According to a survey conducted by HomeAway, fifty-four percent of the people who decide to buy a second home as a vacation property intended to use it for rental income. Fourteen percent of the people intended to use that vacation property as retirement income. If one of the reasons you are considering buying a vacation home is to tap the potential benefits of rental income, there are more than a few things to consider.
Without a doubt, you have experienced your favorite vacation spot from the viewpoint of a renter. Moving from occasional renter to full-time owner and possibly to part-time landlord, comes with some important decisions. The following considerations are not meant to dissuade your infatuation with your favorite vacation spot. Instead, the questions every potential second home buyer should answer are intended to ensure your long-term satisfaction.
Why are you considering a vacation home?
This is more than just an impulse purchase. While you may have fallen in love with a specific area, you need to examine your long-term use of the property. When looking for a home in your favorite area, view it from the standpoint of a potential renter – even if renting it is not currently part of the reason you are buying.
Where is the vacation home located?
In order for the home to be a viable vacation property, it needs to be within a reasonable driving distance. The generally accepted distance is not so much focused on miles, but time. You should not have to spend more than three hours in the car, under normal circumstances. This distance/time consideration will be important if you do plan on renting it out when it is not in use.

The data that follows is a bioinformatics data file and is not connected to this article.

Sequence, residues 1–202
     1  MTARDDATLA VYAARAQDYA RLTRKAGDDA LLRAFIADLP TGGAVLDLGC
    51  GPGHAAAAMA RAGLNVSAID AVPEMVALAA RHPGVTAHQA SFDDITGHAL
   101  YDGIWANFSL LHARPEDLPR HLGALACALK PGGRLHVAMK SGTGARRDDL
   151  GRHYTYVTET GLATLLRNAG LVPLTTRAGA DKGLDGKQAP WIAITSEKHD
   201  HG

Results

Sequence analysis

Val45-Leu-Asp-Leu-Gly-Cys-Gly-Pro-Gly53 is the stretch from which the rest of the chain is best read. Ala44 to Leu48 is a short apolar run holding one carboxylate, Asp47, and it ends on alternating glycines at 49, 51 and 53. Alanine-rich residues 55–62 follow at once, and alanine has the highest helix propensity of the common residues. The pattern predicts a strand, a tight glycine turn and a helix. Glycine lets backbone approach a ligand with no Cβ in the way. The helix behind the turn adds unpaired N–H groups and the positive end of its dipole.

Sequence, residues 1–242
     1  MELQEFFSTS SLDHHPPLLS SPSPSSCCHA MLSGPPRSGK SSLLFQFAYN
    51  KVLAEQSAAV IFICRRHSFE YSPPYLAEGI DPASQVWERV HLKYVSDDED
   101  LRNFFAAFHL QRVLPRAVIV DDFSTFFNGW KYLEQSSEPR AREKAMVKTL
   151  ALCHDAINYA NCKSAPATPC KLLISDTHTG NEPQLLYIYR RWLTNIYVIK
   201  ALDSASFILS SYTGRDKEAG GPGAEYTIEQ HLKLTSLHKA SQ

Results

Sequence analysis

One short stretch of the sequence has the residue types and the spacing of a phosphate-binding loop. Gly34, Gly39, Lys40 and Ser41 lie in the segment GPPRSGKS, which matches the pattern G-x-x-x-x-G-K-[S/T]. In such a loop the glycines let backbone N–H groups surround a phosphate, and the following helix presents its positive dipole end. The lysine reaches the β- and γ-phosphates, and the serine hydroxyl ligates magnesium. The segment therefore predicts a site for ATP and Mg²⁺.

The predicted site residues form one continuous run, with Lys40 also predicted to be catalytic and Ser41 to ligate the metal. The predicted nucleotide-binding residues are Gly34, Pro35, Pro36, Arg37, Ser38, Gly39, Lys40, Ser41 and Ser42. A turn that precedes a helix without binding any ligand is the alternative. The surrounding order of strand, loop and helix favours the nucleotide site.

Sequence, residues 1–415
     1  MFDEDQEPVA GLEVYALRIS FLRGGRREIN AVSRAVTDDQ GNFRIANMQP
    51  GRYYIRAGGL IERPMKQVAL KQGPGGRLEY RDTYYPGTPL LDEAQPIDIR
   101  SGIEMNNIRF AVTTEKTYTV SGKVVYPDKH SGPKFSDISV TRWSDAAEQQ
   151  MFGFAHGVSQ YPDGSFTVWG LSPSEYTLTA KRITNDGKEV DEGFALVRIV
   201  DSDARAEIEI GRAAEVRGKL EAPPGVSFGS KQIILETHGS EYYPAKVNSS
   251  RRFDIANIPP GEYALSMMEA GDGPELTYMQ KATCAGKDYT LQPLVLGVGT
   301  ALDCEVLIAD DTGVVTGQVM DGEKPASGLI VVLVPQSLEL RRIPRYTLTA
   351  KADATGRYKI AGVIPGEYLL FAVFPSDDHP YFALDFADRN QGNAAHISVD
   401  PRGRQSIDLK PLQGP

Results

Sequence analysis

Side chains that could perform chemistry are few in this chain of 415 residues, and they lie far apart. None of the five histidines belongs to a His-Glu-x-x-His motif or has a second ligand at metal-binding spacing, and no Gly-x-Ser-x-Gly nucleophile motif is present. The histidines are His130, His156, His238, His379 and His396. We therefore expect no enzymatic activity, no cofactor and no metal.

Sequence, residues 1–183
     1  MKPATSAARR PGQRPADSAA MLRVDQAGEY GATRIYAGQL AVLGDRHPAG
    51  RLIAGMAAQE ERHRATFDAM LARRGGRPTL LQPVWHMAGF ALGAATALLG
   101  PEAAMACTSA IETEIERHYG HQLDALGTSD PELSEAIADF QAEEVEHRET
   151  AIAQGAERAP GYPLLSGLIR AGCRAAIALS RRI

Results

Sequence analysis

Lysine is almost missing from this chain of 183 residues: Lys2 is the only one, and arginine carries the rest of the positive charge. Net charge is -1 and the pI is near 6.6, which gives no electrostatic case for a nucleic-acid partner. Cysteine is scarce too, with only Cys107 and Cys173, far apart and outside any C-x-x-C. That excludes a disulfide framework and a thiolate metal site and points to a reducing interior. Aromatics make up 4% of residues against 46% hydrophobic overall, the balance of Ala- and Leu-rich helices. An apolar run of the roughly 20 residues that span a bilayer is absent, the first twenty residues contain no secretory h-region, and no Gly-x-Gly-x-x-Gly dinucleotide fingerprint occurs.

Do you plan on renting your vacation home?
This is not a decision you need to make at the time of purchase unless you are factoring in the potential rental income as part of the mortgage arrangement. If you are leaning towards renting it at some point, you will want it as close to as many amenities and activities as possible. While you might be looking for an isolated retreat, the potential for rental income will be restricted to people looking for exactly those considerations. Keep it in where the fun is.
Are there advantages/disadvantages to renting a vacation home?
If you have been a vacation renter, you will have noticed several things about your experience. The property is often generically styled and while being nicely appointed, it is not filled with personal items. You will also need to determine how often you plan on using it for personal and family use and how much of that “peak time” will be open for renters. While some people are okay with off-season accommodations, it will provide less income compared to the best time of year. If you are renting the property for more than fourteen days a year, this will change your tax status. This may not be a bad thing though as the tax deductions available may be too attractive to ignore. Of course, you will want to consult with your tax professional on your specific circumstances.
You can get help with these decisions from someone like the Jones Group @ Sunriver Realty. Our team members are experienced hands at properties located in Central Oregon and can help you wrap your head around the idea and ultimately find the home that meets those needs.
How can we assist you today?
On behalf of The Jones Group @ Sunriver Realty
Nola Horton-Jones, Principal Broker/Realtor | ABR, C-RIS, e-PRO, GREEN, RSPS, CCIM Candidate
Bryce Jones, Broker/Realtor | ABR, CRS, e-PRO, GREEN, GRI, RSPS, SFR
Karen Marcy, Broker/Realtor
The Jones Group @ Sunriver Realty | 57057 Beaver Drive | Sunriver, OR 97707
Mobile: 541-420-3725 | Mobile: 541-420-4018 | Mobile: 503-327-9611 | Fax: 541-593-5123
Licensed in Oregon